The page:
Well Completion Method

Well completion is one process or method applied when the borehole has been drilled through the reservoir section of interest for production or injection, the method by which fluid communication will occur between the reservoir and the borehole, after completion, has to be decided.

There are 3 alternative approaches for the well completion of the reservoir zone:

  1. Open hole completion
  2. Pre-drilled / pre-slotted liner or screen completion (uncemented).
  3. Casing or liner with annular cementation and subsequent perforation

Open Hole Well Completion

The simplest approach to bottom hole well completion would be to leave the entire drilled reservoir section open after drilling, as shown in Figure below.

Open Hole Well Completion

Open Hole Well Completion

Such completions are sometimes referred to as “barefoot” completions and the technique is widely applied. Since no equipment requires to be installed there are savings in both costs and time. However this type of completion does mean that the entire interval is open to production and hence it often provides no real selective control over fluid production or injection. It is therefore not recommended for production or injection wells where distinctive variations in layeral permeability will detrimentally control the sweep efficiency on zones under water flood or gas injection. Further, in an oil well if water/gas breakthrough or migration into the wellbore occurs it is difficult to isolate unless the entry is at the base of the well where isolation with a cement plug may be successful. The possibility of interzonal cross flow or zonal back pressure dictating multizone depletion cannot be corrected with this type of completion. This lack of zonal control for production or injection is a major limitation on the application of this technique.

Open hole well completion should only be applied in consolidated formations as the borehole may become unstable once a drawdown in applied to induce the well to flow. In such cases either total collapse of the formation or the production of sand may occur. Currently open hole completions are applied in a range of environments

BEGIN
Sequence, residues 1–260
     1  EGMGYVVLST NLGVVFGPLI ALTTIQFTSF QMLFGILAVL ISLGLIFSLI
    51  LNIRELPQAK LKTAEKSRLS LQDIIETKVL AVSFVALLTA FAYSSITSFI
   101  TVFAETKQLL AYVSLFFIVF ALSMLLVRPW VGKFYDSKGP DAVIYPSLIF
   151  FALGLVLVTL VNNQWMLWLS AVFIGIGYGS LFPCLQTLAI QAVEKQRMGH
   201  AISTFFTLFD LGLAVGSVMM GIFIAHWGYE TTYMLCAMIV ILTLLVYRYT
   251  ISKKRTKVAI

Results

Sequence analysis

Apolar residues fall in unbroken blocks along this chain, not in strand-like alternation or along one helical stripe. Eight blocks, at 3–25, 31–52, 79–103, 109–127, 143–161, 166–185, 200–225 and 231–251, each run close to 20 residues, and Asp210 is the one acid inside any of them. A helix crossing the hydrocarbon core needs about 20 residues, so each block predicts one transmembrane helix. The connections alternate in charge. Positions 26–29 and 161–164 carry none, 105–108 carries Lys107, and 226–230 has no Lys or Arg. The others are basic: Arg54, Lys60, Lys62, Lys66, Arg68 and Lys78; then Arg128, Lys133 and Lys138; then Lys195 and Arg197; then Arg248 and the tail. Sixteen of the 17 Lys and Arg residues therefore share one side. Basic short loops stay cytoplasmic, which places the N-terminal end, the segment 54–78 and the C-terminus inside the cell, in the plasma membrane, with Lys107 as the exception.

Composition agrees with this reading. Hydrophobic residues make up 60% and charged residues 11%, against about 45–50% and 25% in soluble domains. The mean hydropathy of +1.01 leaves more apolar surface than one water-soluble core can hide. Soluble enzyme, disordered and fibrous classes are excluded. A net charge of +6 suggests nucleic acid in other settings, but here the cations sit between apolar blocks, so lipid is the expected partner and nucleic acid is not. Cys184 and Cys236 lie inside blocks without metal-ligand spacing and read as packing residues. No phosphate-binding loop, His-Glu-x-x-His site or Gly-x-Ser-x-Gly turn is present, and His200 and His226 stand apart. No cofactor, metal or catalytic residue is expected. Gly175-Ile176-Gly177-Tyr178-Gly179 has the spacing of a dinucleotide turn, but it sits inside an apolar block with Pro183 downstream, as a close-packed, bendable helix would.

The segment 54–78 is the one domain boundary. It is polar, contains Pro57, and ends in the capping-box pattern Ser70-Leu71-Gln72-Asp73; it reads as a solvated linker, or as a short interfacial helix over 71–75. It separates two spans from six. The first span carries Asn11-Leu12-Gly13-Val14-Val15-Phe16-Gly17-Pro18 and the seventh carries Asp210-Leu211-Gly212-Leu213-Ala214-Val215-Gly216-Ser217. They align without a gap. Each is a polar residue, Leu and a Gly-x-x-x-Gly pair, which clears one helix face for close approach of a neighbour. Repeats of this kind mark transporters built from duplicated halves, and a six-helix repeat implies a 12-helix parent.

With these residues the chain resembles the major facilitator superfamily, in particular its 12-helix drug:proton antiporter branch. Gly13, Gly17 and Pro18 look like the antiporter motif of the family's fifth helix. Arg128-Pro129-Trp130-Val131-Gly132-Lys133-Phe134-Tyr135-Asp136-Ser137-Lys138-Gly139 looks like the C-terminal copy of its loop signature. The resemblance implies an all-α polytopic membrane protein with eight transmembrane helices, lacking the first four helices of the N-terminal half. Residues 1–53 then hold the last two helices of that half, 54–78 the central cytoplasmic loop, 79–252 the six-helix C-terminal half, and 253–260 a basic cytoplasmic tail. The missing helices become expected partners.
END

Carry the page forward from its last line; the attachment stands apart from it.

a) Low cost / multi well developments
b) Deep wells, consolidated with depletion drive
c) Naturally fractured reservoirs
d) Some horizontal and multi lateral wells

Screen or pre-slotted liner well completion

In this technique, once the drilling through completed reservoir section has been completed, a wire-wrapped screen or steel pipe which has slots or alternative sand control screen, is installed (Figure Below).

Sloted Liner Well Completion Method

Pre Sloted Liner

The principal purpose of the screen or liner is to prevent any produced sand from migrating with the produced fluids, into the production flow string. The success of the completion in controlling sand production is dependent upon the screen or slot sizes and the sand particle sizes. The screen will only become 100% effective if it totally restrains sand production which requires that the slot size be equal to the size of the smallest particles. However, in such cases the slots may quickly become plugged and impede flow resulting in a loss in productivity. This system is sometimes used in inclined/high angle angles to prevent major borehole collapse or facilitate the passage of logging tools.